What is UDL?
Universal design for learning (UDL) is a set of principles for designing curriculum that provides all individuals with equal opportunities to learn. Grounded in research of learner differences and effective instructional settings, UDL principles call for varied and flexible ways to:
  • Present or access information, concepts, and ideas (the "what" of learning),   
  • Plan and execute learning tasks (the "how" of learning), and
  • Get engaged--and stay engaged--in learning (the "why" of learning)

Why is UDL necessary? Students come to classrooms with a variety of skills, abilities, needs, interests, backgrounds, and learning styles. This diversity is confirmed by neuroscience: brain imaging technologies allow us to "see" the different ways learners respond to educational tasks and environments. Those differences can be as varied and unique as DNA or fingerprints.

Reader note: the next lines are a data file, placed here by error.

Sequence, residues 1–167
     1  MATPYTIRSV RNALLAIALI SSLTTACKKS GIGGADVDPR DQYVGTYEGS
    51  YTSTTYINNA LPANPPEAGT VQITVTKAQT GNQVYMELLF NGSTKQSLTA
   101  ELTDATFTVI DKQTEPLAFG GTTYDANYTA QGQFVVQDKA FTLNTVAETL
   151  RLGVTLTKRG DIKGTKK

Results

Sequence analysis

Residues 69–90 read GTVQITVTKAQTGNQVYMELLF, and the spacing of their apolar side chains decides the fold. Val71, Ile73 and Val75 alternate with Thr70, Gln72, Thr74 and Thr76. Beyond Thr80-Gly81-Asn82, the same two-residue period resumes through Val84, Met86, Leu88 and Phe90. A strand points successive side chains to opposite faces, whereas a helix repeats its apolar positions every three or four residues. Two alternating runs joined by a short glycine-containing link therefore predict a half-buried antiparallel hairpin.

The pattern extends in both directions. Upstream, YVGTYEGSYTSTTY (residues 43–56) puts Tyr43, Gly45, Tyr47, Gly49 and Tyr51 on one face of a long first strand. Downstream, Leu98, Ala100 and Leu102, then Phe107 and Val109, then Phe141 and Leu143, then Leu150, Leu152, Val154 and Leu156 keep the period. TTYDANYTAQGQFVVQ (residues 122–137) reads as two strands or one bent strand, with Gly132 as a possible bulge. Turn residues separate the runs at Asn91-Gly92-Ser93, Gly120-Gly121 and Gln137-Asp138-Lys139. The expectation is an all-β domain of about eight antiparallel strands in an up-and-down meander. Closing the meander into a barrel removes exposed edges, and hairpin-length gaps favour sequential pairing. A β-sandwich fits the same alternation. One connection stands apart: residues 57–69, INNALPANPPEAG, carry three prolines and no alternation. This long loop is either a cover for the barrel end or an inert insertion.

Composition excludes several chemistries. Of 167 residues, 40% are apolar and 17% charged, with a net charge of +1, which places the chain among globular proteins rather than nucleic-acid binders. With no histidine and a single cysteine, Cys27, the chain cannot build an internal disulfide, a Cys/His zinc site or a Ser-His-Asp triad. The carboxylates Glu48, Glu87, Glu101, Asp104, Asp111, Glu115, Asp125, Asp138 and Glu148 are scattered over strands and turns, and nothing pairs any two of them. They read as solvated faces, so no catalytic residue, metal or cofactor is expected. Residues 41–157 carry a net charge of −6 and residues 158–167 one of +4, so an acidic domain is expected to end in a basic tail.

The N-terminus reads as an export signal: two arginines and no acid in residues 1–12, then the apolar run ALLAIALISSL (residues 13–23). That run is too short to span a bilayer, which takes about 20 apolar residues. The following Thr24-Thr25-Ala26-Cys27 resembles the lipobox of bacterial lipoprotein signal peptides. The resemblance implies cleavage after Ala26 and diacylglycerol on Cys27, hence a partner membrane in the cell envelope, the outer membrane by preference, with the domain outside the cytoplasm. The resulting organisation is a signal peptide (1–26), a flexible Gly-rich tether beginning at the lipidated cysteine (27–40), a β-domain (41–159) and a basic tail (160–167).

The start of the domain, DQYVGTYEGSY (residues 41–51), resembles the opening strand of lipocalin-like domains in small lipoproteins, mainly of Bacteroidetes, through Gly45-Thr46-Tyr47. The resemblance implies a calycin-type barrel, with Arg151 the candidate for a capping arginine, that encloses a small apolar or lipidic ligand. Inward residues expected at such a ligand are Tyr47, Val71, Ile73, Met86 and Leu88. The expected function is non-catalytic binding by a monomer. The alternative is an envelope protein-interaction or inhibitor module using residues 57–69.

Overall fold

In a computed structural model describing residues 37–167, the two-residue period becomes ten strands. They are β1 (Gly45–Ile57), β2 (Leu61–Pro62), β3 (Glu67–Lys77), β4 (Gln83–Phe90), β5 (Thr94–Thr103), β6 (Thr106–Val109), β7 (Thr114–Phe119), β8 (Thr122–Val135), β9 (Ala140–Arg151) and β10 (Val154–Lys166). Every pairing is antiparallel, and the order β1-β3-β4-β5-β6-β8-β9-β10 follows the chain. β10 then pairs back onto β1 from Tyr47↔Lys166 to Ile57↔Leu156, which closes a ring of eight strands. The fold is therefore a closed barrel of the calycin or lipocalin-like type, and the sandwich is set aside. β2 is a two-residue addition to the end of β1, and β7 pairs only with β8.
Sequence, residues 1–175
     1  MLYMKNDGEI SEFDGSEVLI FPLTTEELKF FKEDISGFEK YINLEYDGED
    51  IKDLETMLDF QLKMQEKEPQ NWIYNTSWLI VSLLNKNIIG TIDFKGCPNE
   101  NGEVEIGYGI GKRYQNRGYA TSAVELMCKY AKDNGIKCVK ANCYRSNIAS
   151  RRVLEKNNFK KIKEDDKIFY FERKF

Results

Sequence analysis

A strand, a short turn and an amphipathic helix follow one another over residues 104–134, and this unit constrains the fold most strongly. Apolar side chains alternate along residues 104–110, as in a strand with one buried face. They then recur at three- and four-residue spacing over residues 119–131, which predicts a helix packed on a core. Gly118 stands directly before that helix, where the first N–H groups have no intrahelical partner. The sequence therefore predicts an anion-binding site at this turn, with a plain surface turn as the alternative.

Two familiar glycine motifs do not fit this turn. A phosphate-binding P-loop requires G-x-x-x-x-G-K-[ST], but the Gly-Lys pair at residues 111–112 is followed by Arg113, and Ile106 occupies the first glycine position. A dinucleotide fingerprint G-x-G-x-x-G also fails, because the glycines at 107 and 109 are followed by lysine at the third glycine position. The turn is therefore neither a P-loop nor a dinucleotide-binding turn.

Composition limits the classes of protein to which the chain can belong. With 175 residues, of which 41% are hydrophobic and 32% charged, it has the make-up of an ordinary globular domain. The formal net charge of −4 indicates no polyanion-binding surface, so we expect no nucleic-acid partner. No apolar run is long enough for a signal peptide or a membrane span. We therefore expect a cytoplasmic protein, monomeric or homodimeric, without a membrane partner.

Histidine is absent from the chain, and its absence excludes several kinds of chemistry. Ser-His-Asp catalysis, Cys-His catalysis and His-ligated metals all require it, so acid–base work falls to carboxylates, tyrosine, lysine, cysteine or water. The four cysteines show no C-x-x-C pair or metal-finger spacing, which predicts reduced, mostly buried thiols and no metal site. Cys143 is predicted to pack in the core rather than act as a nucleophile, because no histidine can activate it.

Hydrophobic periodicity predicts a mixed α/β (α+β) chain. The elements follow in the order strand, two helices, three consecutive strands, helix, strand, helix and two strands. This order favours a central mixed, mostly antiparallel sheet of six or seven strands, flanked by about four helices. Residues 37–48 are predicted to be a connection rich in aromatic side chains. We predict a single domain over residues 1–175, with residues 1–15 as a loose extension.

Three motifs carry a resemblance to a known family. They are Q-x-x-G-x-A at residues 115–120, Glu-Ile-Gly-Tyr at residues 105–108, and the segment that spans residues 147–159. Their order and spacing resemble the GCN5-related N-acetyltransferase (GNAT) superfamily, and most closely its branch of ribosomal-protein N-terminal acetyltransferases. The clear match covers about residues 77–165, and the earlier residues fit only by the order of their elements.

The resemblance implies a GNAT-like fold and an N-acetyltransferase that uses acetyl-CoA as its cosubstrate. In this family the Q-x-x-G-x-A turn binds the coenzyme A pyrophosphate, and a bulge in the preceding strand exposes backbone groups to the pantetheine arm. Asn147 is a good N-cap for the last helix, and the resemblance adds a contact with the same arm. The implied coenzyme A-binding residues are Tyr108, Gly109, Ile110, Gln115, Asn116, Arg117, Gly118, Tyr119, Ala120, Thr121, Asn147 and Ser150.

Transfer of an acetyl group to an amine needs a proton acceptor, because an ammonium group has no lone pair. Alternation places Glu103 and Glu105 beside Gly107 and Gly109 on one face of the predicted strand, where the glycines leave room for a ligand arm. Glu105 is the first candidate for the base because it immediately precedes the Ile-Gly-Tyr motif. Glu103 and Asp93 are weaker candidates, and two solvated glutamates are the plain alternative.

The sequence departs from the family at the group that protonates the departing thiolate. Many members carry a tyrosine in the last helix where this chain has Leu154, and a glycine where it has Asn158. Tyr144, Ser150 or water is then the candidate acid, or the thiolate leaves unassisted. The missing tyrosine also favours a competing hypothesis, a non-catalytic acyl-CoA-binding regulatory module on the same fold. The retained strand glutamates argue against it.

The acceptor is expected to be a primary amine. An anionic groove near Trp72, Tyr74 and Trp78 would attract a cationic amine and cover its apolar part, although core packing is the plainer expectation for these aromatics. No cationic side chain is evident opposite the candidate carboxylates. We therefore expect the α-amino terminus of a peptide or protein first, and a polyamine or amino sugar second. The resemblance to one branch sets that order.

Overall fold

Often curriculum--which includes the goals, methods, assessments, and materials we use to teach and learn--is "fixed" and inflexible. This turns individual differences into potential learning barriers as learners try to bend their individual styles, skills, and abilities to the curriculum's needs at the expense of genuine learning.
UDL turns this around: the curriculum is made flexible and customizable so that individuals can learn in ways that work best for them. A common aim of learning effectively and efficiently to high standards is achieved through many different means in the UDL curriculum.”